(adapted with updated references from the booklet The Baptistry, St. Pauls Episcopal Church, Winston-Salem, North Carolina, May 1958, written by Rosalie S. Wilson. Quotations are from the King James Version of the Bible and the Book of Common Prayer, 1990)

The Sacrament of Holy Baptism and the Rite of Confirmation, which were originally one rite of Christian initiation, are symbolically represented in the woodcarvings in the Baptistry of St. Paul’s Church. This booklet has been written for the purpose of interpreting the outward meaning of the symbols and showing their relationship to Baptism and Confirmation.

In Christian art, symbols are used as a means of expressing infinite truths in finite language. The inner and spiritual meaning of these Signs of our Faith are revealed when they are identified with the Sacramental Life of the Church, through which God bestows His Gifts of Grace.

Holy Baptism
Baptism is one of the Sacraments ordained by Christ that the Church considers to be “generally necessary to salvation.” Baptism is a death unto sin, and a new birth unto righteousness.

The font, meaning fountain or spring, is the universal symbol of Baptism and, by ancient tradition, is placed near a door to signify that Baptism is the door through which we enter to become members of the Church.

The octagonal shape of the font recalls the fact that our Lord received His name when He was eight days old. In Baptism we receive our Christian names and are made members of Christ, children of God, and inheritors of the kingdom of heaven.

Around the font are carved the words, “One Lord, One Faith. One Baptism.” (Ephesians 4:5)

Around the top of the paneling is carved the Baptismal Formula: “I Baptize thee in the name of the Father, the Son, and the Holy Ghost.”

In the center panel on the walls is the symbol which that associates Baptism with Confirmation: seven doves surrounding a scallop shell dripping water.

The scallop shell is symbolic of Baptism. The dove is a symbol of the Holy Spirit, for in the account of our Lord’s Baptism, the Holy Spirit was described symbolically as descending from heaven like a dove. (John 1:32)

The seven doves are symbolic of the Sevenfold Gifts of the Holy Spirit: the gifts of wisdom, understanding, counsel, strength, knowledge, godliness, and holy fear. (Isaiah 11:2)

The flight of the doves converging in a circular formation around the scallop shell is expressive of force and is symbolic of the power of the Holy Spirit at work in the Church.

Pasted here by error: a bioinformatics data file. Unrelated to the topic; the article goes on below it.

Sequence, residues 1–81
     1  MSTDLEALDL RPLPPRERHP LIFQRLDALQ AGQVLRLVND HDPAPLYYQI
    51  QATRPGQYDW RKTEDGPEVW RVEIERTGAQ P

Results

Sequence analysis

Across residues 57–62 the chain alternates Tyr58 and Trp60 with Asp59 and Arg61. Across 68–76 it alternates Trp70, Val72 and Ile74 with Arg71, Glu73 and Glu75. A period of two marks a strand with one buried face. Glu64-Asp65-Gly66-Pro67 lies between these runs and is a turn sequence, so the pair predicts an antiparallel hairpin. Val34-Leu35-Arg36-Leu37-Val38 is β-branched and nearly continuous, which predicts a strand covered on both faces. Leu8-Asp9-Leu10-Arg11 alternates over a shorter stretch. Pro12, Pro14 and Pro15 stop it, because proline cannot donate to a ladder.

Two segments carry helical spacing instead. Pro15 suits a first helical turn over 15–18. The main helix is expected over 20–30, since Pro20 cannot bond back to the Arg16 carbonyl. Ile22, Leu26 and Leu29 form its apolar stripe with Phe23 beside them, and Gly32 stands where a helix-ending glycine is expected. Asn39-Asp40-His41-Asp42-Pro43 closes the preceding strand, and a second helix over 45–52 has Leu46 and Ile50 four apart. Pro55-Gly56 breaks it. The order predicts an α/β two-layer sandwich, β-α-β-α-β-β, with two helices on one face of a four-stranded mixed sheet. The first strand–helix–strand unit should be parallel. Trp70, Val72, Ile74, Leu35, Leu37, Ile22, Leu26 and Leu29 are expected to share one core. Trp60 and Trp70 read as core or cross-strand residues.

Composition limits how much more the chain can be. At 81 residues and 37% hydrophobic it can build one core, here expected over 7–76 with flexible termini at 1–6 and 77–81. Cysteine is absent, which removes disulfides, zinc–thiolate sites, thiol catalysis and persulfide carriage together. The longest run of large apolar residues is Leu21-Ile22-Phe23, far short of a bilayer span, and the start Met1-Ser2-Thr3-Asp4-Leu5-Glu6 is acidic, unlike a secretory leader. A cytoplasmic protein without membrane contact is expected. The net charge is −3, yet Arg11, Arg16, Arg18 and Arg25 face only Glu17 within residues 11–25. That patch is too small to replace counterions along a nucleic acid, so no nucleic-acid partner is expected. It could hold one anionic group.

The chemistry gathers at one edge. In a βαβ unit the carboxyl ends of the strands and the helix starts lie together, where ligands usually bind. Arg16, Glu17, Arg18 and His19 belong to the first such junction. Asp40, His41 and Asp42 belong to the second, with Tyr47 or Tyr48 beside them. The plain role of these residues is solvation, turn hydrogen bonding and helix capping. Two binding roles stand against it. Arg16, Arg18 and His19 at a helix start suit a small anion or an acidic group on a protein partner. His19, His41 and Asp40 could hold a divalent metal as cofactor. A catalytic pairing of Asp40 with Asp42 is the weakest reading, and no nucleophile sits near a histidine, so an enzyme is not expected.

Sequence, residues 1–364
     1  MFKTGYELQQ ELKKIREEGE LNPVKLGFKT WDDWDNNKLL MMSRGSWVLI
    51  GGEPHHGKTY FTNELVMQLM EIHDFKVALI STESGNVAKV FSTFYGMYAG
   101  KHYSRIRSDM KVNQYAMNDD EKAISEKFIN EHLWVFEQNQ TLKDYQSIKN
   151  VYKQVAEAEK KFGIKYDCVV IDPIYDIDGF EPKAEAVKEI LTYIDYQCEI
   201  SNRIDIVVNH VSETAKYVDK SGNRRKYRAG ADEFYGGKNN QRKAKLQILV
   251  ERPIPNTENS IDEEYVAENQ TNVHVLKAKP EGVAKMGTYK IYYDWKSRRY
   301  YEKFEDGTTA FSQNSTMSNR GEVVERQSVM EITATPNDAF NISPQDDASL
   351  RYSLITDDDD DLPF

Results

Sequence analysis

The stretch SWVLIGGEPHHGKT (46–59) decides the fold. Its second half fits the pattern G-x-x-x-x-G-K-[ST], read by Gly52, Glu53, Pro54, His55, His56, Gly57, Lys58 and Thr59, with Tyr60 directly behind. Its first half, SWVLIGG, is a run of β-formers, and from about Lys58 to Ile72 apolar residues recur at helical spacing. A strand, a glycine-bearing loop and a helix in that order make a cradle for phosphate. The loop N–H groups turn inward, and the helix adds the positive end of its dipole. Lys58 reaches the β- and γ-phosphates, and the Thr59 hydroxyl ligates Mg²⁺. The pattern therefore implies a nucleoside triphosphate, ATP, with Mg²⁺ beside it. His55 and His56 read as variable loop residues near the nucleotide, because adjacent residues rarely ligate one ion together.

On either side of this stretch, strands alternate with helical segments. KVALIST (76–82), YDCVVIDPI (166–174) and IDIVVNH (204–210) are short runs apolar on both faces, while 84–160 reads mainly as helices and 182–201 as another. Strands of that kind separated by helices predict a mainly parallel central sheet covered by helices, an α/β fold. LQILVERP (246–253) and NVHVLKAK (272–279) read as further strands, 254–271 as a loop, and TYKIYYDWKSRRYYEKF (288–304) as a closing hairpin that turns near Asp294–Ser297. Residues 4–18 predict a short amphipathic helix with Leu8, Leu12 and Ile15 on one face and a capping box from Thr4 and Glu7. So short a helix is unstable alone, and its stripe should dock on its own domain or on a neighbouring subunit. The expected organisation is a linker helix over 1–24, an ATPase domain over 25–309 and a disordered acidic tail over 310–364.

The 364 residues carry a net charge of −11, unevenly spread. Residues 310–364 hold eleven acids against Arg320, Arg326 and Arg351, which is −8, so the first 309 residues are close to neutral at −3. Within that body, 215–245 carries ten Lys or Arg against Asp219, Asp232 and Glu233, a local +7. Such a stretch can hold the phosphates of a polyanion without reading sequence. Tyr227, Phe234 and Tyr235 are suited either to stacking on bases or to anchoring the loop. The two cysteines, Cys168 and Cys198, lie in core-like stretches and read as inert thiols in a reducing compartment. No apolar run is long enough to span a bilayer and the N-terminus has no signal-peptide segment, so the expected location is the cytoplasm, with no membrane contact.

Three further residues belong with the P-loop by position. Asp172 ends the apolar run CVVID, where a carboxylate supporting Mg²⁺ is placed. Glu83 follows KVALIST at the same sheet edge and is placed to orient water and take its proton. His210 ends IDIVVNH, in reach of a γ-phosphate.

The circle, having no beginning or end, is a symbol of the Everlasting God, Who was in the beginning, is now, and ever shall be, world without end.

The Gift of Wisdom
The Tree of life is the symbol for the Gift of Wisdom. As leaves and fruit identify the life and species of a tree, so Wisdom is a manifestation of the quality of life that comes from union with God.

A healthy tree, whose roots are planted deep in the earth and fed with the moisture and richness of the soil, grows silently and steadily toward the sun, and a life that is “rooted and grounded in love” (Ephesians 3:17) and nourished by the Sacramental life of the Church, is drawn toward Christ, the Sun of Righteousness (Malachi 4:2) Who is the Source of life and the Giver of Wisdom.

The Psalmist, seeing an analogy between a tree and a man whose life is God-centered, wrote: “He shall be like a tree planted by the rivers of water, that bringeth forth his fruit in his season.” (Psalm 1:3).

Man cannot attain Wisdom by his own efforts, for Wisdom is not an intellectual achievement, but a Gift of God.

The Gift of Understanding
The flaming heart symbolic of zeal and devotion is expressive of the Gift of Understanding, through which our human faculty of reason is enlightened and quickened by the Holy Spirit, and our hearts set on fire with love for Him.

In Old Testament literature, the heart was considered the seat of understanding – the very center of a person’s being. Christian art has accepted this interpretation to express, in figurative language, the depth of God’s understanding.

On the day of Pentecost, the Holy Spirit appeared as “cloven tongues as of fire.” (Acts 2:3)

On the first Easter Day, our Lord appeared to two of his disciples on the way to Emmaus. After He revealed himself to them, they exclaimed, “Did not our heart burn within us, while he talked with us by the way?” (Luke 24:32)

The realization of the Presence of our Living Lord always sets our hearts aflame!

The Gift of Counsel
The Gift of Counsel is expressed by a hand with the index finger raised, suggestive of godly admonition and guidance.

The Hand of God, as a symbol of His guidance and counsel, is associated with His mighty acts in history: “Thou shalt guide me with thy counsel.” (Psalm 73:24) After the deliverance from Egypt, the children of Israel sang: “Thy right hand, O Lord, is become glorious in power.” (Exodus 15:6) The Commandments, “two tables of testimony, tables of stone, written with the finger of God” (Exodus 31:18) were described by the Psalmist as “my delight and my counselors” (Psalm 119:24). And again: “If I take the wings of the morning, and dwell in the uttermost parts of the sea, even there shall thy hand lead me, and thy right hand shall hold me.” (Psalm 139:9-10)